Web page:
sows and reaps, availing himself of what nature has furnished
him at hand; the fertile soil, the warmth of the suA, the early
and later rains, or it may be the gold and silver for which the
miner patiently delves in the great treasure vaults of nature, or
ci




5

the more useful products of iron and coal which require the labor
of men to extract them from the earth and fit them for use, or
it may be a coat, a hat, a watch, or a steam engine. All the
things by which we are fed, clothed, and sheltered, which add to
our convenience, comfort, and pleasure are the products of labor.
They are valuable because they are adapted to the use of man.
But one man can not make all the things he needs, or at least he
does not. Hence we have diversity of labor, and one man mines
gold and silver, another cultivates the soil, another raises sheep
and grows wool, another manufactures cloth, another manufactures clothing, and so on.
Now, the man who works the mine or grows wool must have
food and clothing and many other things. If there were no
money or medium of exchange the manufacturer of cloth might
buy wool of the wool-grower and give him cloth in exchange,
but the wool-grower might not need the cloth. t He would need
provisions and clothing. He might take cloth and find a manufacturer of clothing who would exchange clothing for it, and he
might possibly exchange cloth for groceries, and the groceryman might in turn exchange cloth for something that he needed;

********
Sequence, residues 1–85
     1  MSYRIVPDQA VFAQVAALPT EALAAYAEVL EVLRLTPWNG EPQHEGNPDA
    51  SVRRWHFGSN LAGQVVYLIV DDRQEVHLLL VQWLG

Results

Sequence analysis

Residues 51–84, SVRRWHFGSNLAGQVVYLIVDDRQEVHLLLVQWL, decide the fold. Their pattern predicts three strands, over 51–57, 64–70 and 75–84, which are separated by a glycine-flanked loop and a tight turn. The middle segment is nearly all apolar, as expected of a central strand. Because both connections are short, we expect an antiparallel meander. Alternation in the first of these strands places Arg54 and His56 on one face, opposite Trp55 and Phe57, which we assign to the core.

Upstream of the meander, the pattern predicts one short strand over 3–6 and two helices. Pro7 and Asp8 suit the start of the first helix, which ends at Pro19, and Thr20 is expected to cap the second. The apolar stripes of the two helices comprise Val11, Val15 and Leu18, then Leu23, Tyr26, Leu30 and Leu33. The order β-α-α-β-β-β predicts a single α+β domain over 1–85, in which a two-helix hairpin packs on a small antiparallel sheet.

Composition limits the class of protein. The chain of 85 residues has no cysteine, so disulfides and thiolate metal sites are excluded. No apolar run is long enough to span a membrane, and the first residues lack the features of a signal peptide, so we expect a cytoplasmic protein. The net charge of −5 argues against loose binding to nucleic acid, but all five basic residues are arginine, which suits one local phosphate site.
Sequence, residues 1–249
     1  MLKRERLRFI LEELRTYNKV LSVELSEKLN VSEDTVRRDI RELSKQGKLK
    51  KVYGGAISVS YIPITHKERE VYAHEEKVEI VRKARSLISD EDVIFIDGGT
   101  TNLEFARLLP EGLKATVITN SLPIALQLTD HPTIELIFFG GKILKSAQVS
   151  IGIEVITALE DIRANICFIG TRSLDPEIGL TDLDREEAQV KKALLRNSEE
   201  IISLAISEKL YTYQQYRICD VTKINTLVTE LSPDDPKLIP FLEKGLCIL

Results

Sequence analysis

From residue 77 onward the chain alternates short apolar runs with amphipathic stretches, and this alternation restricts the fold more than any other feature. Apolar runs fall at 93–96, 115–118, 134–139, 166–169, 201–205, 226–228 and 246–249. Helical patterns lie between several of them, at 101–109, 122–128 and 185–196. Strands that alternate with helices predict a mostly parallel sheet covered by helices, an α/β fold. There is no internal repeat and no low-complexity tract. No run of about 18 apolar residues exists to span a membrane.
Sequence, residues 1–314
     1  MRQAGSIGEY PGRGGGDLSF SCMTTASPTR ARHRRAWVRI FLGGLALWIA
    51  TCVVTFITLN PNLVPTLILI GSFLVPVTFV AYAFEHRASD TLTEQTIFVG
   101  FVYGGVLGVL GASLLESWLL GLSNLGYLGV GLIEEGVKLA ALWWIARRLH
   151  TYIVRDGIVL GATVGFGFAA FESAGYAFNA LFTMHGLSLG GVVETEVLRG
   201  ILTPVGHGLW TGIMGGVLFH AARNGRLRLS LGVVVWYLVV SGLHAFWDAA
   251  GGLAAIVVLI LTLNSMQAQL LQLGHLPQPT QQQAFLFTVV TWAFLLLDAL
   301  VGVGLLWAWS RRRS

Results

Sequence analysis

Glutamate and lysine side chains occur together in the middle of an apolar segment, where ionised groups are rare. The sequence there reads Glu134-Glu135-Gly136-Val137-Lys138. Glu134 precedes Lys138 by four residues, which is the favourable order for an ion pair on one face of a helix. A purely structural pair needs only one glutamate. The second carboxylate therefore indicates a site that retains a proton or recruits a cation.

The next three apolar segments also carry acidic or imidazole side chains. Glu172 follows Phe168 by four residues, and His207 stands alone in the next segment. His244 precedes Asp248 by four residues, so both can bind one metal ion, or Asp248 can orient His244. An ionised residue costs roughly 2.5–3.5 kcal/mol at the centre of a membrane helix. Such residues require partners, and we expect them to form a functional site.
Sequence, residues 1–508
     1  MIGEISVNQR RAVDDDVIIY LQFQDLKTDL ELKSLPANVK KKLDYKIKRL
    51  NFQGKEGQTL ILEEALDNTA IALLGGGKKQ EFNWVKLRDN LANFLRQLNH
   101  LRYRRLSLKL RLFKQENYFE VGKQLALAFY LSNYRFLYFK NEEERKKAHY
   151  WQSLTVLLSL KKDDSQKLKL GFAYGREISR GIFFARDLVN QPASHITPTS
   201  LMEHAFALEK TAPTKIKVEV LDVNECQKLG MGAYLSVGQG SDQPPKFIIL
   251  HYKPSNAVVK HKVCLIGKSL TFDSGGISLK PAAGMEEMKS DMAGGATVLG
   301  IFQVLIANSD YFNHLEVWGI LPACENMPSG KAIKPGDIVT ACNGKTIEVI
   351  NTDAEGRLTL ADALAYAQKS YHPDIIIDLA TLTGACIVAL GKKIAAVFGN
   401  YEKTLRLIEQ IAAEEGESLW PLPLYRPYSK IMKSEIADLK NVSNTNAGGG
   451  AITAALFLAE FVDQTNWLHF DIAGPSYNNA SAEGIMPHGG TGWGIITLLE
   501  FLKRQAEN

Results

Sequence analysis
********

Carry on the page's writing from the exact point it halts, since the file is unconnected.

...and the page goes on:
but this would be a very tedious and unsatisfactory manner cf
conducting commercial exchanges. Hence the necessity of a
medium of exchange—a tool of exchange—so that when the woolgrower carries his wool to the manufacturer of cloth or to some
middleman and sells it, instead of taking cloth in exchange for
it, he can receive this medium of exchange to the amount of the
value of his wool, and this medium can in turn be exchanged for
any other commodity which he may need.
This medium we call money. If we could conceive of the first
community which invented money assembling together to choose
such a medium we could probably obtain a pretty good idea of
why gold and silver came to be selected. Such a medium should
possess considerable intrinsic value; that is, be capable of being
used for a great many useful purposes. It should be tolerably
scarce, and hard to obtain, so as to be proportionately valuable,
easily transported, and pass currently from hand to hand. It
should be plenty enough, however, to answer the requirements
of commerce, and it should be capable of being easily subdivided and changed in form.
Diamonds would not be selected, because they are not plentiful
enough and could not be divided. Gold seems to possess all the
essential requirements for money, and it is undoubtedly for this
reason that it was selected. Silver partakes in some degree of
the same quality, although it is more abundant and more easily